It is extremely important to review your home insurance policy to determine what types of damages the policy will actually cover, especially in areas prone to suffer from hurricane damages. Under Louisiana law, the insured individual is required to first prove that the insurance policy covers the cause of the claim. For example, if the policy only covers certain types of causes of damage, such as wind and hail, then the insured must prove that the damage was in fact caused by either wind or hail. Once the insured has done this, then the insurance company can argue that the incident is not covered by the policy. Therefore, it is extremely important that the insured take the time to determine the cause of the damage in order to prove that the policy covers their claim.
A case arising from Lake Charles, Louisiana illustrates this point. In this case, a homeowner suffered roof damage that they believed was caused by Hurricane Ike around September 13, 2008. Four shingles were missing and the insured claimed that this resulted in leakage in several rooms of the home. However, State Farm, the homeowner’s insurance company, determined that the leakage was not caused by Hurricane Ike and reclassified the claim as a “non-hurricane” claim.
State Farm, using several experts, determined that the leakage resulted from normal wear and tear on the roof, and therefore the homeowner’s insurance policy did not cover the leakage damage. Instead, State Farm concluded that only the four missing shingles were the result of wind and that they were the only damages that State Farm should reimburse to the insured; State Farm did not reimburse the insured for the damages caused by the leakage, but just the replacement value of the four damaged or missing shingles. The total damages that State Farm paid were under $500.00.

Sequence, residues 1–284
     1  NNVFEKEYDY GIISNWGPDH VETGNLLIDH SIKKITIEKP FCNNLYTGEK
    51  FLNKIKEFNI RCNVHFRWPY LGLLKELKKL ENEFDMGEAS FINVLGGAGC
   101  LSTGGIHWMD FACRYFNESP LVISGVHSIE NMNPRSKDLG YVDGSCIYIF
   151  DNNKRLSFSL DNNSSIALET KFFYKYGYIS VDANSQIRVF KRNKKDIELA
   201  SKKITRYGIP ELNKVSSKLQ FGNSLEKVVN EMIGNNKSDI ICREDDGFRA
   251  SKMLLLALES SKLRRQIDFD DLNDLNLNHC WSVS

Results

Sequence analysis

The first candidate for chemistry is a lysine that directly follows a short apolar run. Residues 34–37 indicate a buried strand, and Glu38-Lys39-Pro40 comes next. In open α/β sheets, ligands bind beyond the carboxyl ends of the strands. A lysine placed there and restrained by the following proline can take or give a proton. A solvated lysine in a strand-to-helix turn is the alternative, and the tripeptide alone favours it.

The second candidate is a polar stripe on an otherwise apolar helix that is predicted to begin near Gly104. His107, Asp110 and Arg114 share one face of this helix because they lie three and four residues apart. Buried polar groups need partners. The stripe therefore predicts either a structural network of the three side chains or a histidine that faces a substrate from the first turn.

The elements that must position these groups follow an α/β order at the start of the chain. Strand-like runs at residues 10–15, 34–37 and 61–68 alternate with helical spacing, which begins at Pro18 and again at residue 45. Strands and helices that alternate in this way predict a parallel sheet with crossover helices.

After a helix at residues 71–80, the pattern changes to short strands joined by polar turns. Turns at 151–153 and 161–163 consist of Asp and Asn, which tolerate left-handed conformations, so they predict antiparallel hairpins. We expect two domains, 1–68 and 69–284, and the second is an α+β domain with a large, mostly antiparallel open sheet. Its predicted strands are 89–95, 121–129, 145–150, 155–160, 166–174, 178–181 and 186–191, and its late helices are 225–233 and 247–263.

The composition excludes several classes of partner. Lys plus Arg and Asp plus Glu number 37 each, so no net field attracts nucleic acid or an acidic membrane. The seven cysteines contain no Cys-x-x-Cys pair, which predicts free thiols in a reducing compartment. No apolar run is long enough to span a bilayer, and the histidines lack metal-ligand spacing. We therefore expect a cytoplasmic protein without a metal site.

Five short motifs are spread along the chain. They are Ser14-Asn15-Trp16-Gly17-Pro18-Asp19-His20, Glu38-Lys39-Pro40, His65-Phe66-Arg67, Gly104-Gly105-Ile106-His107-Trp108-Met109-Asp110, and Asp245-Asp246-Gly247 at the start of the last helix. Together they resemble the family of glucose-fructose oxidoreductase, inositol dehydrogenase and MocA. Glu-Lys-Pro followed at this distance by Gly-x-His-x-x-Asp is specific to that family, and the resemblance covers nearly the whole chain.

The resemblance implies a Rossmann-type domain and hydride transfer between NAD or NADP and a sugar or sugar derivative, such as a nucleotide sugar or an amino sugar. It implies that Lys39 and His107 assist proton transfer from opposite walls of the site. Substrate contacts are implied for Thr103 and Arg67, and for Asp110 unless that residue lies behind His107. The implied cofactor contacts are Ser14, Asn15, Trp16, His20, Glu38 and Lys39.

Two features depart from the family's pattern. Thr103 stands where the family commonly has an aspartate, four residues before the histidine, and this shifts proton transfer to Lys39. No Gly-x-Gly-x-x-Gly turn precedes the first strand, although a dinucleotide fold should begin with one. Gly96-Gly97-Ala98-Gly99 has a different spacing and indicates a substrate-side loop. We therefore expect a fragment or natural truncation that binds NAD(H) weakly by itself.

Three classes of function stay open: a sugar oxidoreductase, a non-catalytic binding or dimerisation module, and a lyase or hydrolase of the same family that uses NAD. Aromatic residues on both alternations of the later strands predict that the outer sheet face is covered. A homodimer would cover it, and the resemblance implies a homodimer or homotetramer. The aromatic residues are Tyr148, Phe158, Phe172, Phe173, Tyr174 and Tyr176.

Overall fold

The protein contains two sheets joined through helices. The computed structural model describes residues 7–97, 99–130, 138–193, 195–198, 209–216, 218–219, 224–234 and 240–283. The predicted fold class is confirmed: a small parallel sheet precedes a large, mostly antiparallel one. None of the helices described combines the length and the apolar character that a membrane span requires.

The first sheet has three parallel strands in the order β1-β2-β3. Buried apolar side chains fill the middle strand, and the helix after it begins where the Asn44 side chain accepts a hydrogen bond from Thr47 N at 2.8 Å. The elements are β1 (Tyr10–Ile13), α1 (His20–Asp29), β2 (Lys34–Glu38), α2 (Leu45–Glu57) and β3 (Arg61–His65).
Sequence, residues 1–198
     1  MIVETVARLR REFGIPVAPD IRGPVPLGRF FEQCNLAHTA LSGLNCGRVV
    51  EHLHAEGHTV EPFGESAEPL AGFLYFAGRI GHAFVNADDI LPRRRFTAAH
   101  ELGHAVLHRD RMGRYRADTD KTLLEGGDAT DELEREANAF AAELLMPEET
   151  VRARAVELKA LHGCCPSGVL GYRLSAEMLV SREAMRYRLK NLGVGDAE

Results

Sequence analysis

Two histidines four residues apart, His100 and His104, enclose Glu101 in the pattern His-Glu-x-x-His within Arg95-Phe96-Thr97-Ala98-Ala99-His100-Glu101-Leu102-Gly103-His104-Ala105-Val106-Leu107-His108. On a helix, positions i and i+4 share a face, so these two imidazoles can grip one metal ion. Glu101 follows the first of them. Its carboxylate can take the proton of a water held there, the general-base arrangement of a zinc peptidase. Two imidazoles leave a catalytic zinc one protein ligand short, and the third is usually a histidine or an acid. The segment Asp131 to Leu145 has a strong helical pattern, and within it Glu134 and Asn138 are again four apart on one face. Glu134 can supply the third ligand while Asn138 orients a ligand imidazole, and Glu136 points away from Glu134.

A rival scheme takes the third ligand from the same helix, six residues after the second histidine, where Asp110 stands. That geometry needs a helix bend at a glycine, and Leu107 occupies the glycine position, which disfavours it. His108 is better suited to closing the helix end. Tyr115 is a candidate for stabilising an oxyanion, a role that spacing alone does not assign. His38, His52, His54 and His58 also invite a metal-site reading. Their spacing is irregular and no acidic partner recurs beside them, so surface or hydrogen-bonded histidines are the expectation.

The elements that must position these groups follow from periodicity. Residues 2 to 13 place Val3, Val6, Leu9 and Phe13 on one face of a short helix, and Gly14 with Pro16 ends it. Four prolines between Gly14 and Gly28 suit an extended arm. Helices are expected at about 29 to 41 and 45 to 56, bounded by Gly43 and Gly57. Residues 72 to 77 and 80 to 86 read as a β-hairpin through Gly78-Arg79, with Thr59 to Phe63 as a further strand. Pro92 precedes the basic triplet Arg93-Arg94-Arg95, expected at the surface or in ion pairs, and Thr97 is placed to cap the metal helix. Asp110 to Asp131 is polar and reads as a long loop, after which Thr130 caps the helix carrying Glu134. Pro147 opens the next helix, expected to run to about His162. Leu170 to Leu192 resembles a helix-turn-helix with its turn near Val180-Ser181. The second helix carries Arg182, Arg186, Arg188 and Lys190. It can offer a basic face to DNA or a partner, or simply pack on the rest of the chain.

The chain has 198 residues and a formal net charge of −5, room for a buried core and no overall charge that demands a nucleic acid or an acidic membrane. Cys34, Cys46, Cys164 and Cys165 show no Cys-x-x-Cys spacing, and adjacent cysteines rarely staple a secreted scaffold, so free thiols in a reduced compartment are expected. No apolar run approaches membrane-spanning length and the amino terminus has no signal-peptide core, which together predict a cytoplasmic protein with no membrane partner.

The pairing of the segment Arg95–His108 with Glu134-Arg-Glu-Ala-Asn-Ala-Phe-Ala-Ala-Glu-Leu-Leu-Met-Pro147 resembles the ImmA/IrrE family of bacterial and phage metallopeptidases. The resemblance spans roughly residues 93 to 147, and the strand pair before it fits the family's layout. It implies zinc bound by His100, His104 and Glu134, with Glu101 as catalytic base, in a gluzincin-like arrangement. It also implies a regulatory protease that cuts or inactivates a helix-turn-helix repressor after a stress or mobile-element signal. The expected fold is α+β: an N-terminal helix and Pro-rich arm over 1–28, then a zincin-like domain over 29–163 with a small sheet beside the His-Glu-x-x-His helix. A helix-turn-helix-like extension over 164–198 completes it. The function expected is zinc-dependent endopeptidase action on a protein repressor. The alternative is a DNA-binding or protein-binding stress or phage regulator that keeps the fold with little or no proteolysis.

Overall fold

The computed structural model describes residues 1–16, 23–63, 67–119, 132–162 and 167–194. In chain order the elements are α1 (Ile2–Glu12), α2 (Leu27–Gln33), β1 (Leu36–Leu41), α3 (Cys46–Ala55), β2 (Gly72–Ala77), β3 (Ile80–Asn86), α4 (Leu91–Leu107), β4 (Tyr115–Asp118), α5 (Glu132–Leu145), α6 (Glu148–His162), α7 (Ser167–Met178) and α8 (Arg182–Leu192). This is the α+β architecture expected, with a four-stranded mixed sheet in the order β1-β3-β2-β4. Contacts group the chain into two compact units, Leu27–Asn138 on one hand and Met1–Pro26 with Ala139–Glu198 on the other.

The insured had damages that were estimated at $9,385.00 by one expert and $204,717.78 by another expert. However, while these experts estimated what the cost of the leakage damage and repairing the roof would be, neither expert determined the actual cause of the damages. One of the insured’s experts thought that the wind had lifted the house’s flat roofing, which allowed water to enter the home. However, the expert could not explain why the nails on the flat roofing were still in place if the wind had lifted it. The State Farm expert, on the other hand, determined that the wind damage only included those four damaged or missing shingles and the leakage was actually caused by normal wear and tear. The State Farm expert concluded that there was “no evidence of roof damage that would be caused by severe weather . . . . The roofs, both asbestos shingle and built up roofs and all associated flashings are past their life cycle and are in need of replacement.”
The insured’s policy did not cover “poor workmanship; wear, tear, deterioration, or latent defect; settling, cracking, or expansion of walls, roofs, or ceilings; or leakage of water from air conditioning systems, household appliances, or plumbing.” Since the State Farm expert determined that the cause of the damage was from normal wear and tear, there was no way that the insured could satisfy the requirement to prove that the policy covered his claim. As such, the court granted State Farm summary judgment.
The court will grant summary judgment where one party cannot meet their required burden as a matter of law at trial. Summary judgment allows the court to avoid costly trials where there is one clear winner before the trial even begins. In this case, where the insured had no evidence that all of the damage he was claiming was caused by an occurrence included in the insurance policy, the court determined that summary judgment was appropriate. If the insured had employed experts that specifically testified as to the cause of the leakage damage, then the court may have allowed the case to proceed to trial. Further, the insured could have made a more diligent effort to report leakage as it occurred, which would help prevent the damage from spreading in the long run.
This case illustrates several very important points for the average homeowner. First, you should carefully read your policy so that you know what type of damage is covered. Second, if necessary, you may need to acquire experts that can explain what caused the damage to your home. Lastly, report damages immediately so that you can avoid costly repairs later on.